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BIC discusses the view from Canberra

BIC casts its eye over industrial relations reforms made since the recent Jobs and Skills Summit

On September 1 and 2 this year, the federal government held its Jobs and Skills Summit. The Summit was comprised of a variety of government announcements and an assortment of panel discussions with advocates, experts, and contributions from the audience. The Summit themes focused on:

• maintaining full employment and enhancing productivity

• boosting job security and wages

• lifting participation and reducing barriers to employment

• delivering a high-quality labour force through skills, training and migration, and

• maximising opportunities in future industries.

The bus and coach industry employs more than 45,000 drivers, and according to the National Skills Commission, only thirteen per cent are female. The Summit shone a spotlight on gender equality, with the role women play being a core focus. Australia has been revealed as falling behind our Organisation for Economic Co-operation and Development (OECD) neighbours in gender equality. Summit keynote speaker Danielle Wood, CEO of the Grattan Institute, remarked on how Australia has one of the most gender segregated and divided workforces, and one which invests less in parental leave than other OECD countries. There was unanimous agreement at the Summit that improving women’s workforce participation is critical for economic prosperity and resilience, ensuring pay equality and enabling women to participate fully in the workplace in safe and respectful work environments.

During discussions on enterprise bargaining, both union and business groups demonstrated alignment in their view that enterprise bargaining has not met expectations and amendments to the Better Off Overall Test (BOOT) are required. The general theme encouraged simplification, however no consensus was made in the form of any changes. Union groups advocated for legislation enabling multi-employer bargaining, allowing employees within an industry to bargain together under the same agreement, in lieu of the applicable modern award. Business groups argued against multi-employer bargaining.

The Summit outlined a two-stage Industry Relation (IR) reform package and the establishment of Jobs and Skills Australia. Several new Bills were immediately introduced to Parliament enabling Paid Family and Domestic Violence Leave, and changing Anti–Discrimination and Human Rights Legislation, to adopt the remainder of the ‘Respect at Work’ recommendations from the Australian Human Rights Commission report into sexual harassment in Australian workplaces. The Treasurer also released Terms of Reference for an Employment White Paper, calling for submissions on ways to enhance productivity and full employment.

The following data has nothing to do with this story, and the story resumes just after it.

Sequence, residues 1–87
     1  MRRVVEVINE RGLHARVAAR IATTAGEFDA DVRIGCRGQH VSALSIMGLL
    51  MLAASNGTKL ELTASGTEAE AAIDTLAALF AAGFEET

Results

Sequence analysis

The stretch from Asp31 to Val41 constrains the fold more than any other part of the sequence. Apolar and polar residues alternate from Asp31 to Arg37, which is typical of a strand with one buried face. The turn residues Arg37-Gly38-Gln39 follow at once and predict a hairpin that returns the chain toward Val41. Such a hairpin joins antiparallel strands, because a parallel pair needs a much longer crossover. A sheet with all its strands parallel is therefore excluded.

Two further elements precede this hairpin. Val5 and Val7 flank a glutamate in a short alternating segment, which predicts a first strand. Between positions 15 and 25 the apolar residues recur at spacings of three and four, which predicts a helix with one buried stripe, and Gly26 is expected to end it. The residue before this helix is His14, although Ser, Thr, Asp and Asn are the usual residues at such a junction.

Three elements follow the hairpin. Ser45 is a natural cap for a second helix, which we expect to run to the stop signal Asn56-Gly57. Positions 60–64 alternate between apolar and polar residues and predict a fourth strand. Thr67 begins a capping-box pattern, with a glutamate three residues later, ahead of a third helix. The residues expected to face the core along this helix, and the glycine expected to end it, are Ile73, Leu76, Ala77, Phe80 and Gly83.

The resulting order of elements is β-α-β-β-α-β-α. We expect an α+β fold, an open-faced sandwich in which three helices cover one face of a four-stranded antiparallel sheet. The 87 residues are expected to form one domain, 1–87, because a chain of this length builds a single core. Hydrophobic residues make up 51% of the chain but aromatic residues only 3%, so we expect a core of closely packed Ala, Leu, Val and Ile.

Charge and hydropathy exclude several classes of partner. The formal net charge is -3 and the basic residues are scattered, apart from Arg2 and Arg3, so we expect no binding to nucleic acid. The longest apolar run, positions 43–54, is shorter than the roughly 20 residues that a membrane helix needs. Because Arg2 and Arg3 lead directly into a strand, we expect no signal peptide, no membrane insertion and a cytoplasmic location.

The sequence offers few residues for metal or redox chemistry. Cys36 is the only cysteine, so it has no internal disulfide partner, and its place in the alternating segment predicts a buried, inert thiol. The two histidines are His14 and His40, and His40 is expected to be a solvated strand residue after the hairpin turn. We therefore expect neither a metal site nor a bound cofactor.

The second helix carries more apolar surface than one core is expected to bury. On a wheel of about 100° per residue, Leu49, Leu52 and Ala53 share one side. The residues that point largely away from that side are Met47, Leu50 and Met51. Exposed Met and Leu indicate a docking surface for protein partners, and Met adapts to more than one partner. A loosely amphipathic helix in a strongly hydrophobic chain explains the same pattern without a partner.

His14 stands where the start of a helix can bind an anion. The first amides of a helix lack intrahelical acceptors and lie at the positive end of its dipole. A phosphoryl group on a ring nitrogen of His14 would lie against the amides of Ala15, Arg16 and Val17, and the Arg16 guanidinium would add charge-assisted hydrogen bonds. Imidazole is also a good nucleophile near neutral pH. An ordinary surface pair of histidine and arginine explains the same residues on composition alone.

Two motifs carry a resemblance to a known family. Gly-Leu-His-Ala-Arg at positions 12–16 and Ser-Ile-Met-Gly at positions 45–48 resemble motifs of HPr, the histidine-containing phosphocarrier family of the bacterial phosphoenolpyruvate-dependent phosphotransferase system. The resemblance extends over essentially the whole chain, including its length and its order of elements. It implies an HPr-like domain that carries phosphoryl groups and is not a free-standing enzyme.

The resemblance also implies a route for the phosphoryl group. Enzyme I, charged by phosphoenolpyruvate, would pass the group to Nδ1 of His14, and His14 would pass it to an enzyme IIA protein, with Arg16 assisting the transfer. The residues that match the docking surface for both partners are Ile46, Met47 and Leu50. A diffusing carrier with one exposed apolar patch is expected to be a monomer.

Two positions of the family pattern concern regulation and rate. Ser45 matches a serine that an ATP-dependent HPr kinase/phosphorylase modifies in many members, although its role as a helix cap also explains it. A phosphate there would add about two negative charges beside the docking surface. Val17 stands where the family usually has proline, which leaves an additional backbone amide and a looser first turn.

The Bus Industry Confederation’s (BIC) industrial arm in the Australian Public Transport Industrial Association (APTIA) has been working hard to support the industry in light of these announcements. APTIA, in conjunction with its Industrial Working Group (IWG), works to ensure that industry members are protected against any adverse legislation by providing a full understanding of the operation of legislation and providing examples of how to work within it.

Stage one of the government’s IR policies introduces the Fair Work Amendment (Secure Pay, Better Jobs) Bill 2022. The Bill was presented to Parliament on October 27 and comprises the most comprehensive changes to industrial relations in Australia since the introduction of the Fair Work Act 2009. The Bill introduces Multi-Enterprise Bargaining for industry by replacing the current award system with industry agreements. This has potential implications for competitive tendering.

The Fair Work Amendment Bill 2022:

• Abolishes the Australian Building and Construction Commission and the Registered Organisation Commission.

• Prohibits sexual harassment in connection with work, by providing sanctions for breach.

• Provides the right of an employee requesting flexible working hours to challenge a rejection from an employer in the Fair Work Commission.

• Provides a sunset clause for ‘zombie’ agreements, being those long-term agreements that while applying to a workplace are seriously outdated.

• Providing circumstances where both single interest agreements and multiple agreements are able to be made more easily, and

• Enhancing the mechanism for employees to make small claims in the local courts for unpaid wages.

Stage one of the reforms has been referred to the Senate Education and Employment Legislation Committee (Committee) to report on the impacts of the Bill by November 17 this year. APTIA, with input from the IWG, will be making a submission and are also seeking to participate in the public hearings of the Committee.

The BIC and APTIA will be following the reforms closely.

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